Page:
January 16, 2010

Count your blessings

There were fourteen persons standing in the queue at the railway booking counter and I was the fifteenth. The booking clerk seemed to be having trouble of some kind. There was a growing discontent—customers in the queue found the delay unbearable and were getting restless. Some even openly grumbled about the ‘inefficiency’ of the system, much to the chagrin of the booking clerk who was within earshot.
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This is a common feature I have observed at the reservation counter. People begin to lose patience at the slightest sign of delay. Since there is no way to hurry the process, some give vent to their feelings by criticizing the ‘system’. Others blame it on hard luck. Ultimately you find that the fuming and fretting hasn’t helped you a bit other than giving rise to a copious flow of perspiration.
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Miss Claire who taught us in school often said that it is a good idea to ‘count your blessings’ when you happen to find yourself in a prolonged state of agony. It’s very important to see things in their true perspective, she would say, and counting your blessings is the first step towards achieving that goal. It can act as a great equalizer, she would say, often turning hell into heaven.
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I believe there is sound logic in Miss Claire’s words. Rail travel in our country may be lagging behind in terms of speed, facilities and passenger comforts when compared to what you have in some the more developed nations. But things are not really as bad as we make them out to be.
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Perhaps we could gain a better appreciation of the true nature of things if we take a peek into the past when great grandpa boarded a train. There are not many who will be knowing that at the turn of the nineteenth century, third class railway carriages didn’t carry lights or fans, not even a loo. Toilets were provided at most wayside stations for the use of passengers. Even so, very few had the guts to disembark and stand in a queue at the station loo. The fear of being left behind overrode all other considerations, it seems, and most passengers simply preferred to sweat it out in their compartments during a halt.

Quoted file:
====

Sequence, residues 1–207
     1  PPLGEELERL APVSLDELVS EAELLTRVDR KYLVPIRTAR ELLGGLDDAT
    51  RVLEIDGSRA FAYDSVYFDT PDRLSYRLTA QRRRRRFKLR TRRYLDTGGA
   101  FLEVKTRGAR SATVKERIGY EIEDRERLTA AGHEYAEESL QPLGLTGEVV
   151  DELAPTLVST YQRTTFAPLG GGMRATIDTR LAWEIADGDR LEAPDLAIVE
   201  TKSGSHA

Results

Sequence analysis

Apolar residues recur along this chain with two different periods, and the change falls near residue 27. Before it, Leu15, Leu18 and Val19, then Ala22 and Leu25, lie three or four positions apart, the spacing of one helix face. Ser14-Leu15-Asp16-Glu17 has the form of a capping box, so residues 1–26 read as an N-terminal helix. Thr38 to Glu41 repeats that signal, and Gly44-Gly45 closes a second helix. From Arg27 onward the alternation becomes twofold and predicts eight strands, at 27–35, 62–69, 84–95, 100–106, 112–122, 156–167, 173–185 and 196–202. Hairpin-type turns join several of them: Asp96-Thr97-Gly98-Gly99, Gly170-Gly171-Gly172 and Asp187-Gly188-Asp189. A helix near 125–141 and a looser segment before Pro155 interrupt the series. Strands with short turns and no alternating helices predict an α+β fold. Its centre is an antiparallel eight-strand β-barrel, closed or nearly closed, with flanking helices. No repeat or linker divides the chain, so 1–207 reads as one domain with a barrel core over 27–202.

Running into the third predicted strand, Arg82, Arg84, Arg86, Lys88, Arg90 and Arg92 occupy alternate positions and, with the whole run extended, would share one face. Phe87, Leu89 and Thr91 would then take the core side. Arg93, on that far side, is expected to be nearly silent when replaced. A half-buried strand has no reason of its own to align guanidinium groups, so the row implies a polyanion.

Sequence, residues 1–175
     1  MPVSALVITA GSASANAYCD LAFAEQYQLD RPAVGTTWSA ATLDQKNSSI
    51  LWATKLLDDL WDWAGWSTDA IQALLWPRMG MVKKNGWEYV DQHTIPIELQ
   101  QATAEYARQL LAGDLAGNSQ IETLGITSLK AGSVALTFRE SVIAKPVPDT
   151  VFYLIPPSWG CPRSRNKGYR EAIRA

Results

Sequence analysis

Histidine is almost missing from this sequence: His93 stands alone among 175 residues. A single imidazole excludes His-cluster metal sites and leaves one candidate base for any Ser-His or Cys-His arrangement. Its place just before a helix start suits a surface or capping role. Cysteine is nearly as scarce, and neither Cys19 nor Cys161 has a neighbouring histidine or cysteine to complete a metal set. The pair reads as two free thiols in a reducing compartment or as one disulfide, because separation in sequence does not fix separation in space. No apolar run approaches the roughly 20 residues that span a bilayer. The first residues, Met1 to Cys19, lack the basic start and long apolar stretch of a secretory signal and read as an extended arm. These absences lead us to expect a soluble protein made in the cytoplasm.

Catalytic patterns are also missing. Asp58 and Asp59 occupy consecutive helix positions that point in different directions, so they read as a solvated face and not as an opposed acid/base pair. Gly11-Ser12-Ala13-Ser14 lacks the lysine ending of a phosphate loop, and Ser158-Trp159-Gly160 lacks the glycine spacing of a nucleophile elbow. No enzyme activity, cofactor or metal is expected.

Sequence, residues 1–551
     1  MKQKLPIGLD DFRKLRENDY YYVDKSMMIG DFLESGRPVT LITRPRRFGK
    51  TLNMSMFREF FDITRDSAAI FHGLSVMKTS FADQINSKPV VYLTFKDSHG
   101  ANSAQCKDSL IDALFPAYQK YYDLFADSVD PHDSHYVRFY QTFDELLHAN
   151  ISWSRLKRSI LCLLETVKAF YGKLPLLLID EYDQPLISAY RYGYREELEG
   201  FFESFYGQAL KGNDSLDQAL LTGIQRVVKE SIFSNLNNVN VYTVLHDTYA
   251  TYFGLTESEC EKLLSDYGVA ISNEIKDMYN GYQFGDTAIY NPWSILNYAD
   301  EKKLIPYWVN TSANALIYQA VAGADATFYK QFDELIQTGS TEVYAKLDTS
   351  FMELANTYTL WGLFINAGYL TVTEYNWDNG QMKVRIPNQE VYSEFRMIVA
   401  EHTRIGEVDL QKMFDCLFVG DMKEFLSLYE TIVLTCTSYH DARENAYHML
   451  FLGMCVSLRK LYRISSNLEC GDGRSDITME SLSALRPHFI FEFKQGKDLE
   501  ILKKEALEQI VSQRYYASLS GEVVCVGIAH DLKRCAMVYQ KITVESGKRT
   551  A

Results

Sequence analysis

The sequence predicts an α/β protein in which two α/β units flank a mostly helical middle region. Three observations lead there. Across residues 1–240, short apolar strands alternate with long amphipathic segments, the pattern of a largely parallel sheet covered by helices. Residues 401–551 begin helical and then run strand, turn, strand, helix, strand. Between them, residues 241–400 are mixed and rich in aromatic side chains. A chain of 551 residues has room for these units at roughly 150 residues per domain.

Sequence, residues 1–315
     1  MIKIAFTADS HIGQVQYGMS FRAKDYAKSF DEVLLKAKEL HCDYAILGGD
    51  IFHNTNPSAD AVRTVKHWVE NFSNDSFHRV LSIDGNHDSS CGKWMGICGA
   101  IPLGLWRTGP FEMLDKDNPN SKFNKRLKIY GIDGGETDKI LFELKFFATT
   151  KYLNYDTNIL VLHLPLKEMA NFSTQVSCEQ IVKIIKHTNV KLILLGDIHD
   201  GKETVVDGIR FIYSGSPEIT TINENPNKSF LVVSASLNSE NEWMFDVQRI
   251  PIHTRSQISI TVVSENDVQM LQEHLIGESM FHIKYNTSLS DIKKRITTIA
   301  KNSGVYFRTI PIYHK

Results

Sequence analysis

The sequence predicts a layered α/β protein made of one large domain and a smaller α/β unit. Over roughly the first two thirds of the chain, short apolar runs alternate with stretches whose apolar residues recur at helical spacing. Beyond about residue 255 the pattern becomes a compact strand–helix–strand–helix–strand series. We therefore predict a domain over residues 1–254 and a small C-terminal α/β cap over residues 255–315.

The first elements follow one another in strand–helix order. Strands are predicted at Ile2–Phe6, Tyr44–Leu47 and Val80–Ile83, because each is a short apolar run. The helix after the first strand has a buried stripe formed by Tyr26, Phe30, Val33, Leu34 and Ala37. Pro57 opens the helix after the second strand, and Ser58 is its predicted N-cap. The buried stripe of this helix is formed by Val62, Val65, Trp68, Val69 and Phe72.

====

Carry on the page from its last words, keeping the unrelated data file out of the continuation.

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In July 1909, the District Railway Traffic Superintendent, Sahebgunj, received a complaint from one Okhil Chandra Sen. Sen’s letter, written to the best of his linguistic ability, has survived to this day and can be seen on display at the National Rail Museum in New Delhi. It reads:
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“Beloved Sir—I am arrive by passenger train at Ahmedpore station and my belly is too much swelling with jackfruit. I am therefore went to privy. Just as I doing the nuisance that Guard making whistle blow for train to go off, and I am running with lotah in one hand and dhoti in the next when I am fall over and expose all my shocking to man and female woman on plate-form. I am got leaved at Ahmedpore station. This too much bad. If passenger go to make dung that damn Guard not wait train five minutes for him. I am therefore pray your honour to make big fine on that Guard for public sake. Otherwise I am making big report to papers. . .”
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Poor Okhil Babu! We do not know if his report made it to the papers or if the ‘damn guard’ was made to pay a fine. But we can be pretty sure of one thing : had Okhil been around today he wouldn’t have fussed or whined at the railway booking counter. He would sing hymns of praise instead. He would have laughed, joked, looked around with unrestrained joy. And while others in the line were fuming over the delay, he would count his blessings and smile. . .
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The long wait in a reservation queue may prove to be sheer agony, but it brings along a string of blessings with it. Let us begin to count them!
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Ravindra Bhalerao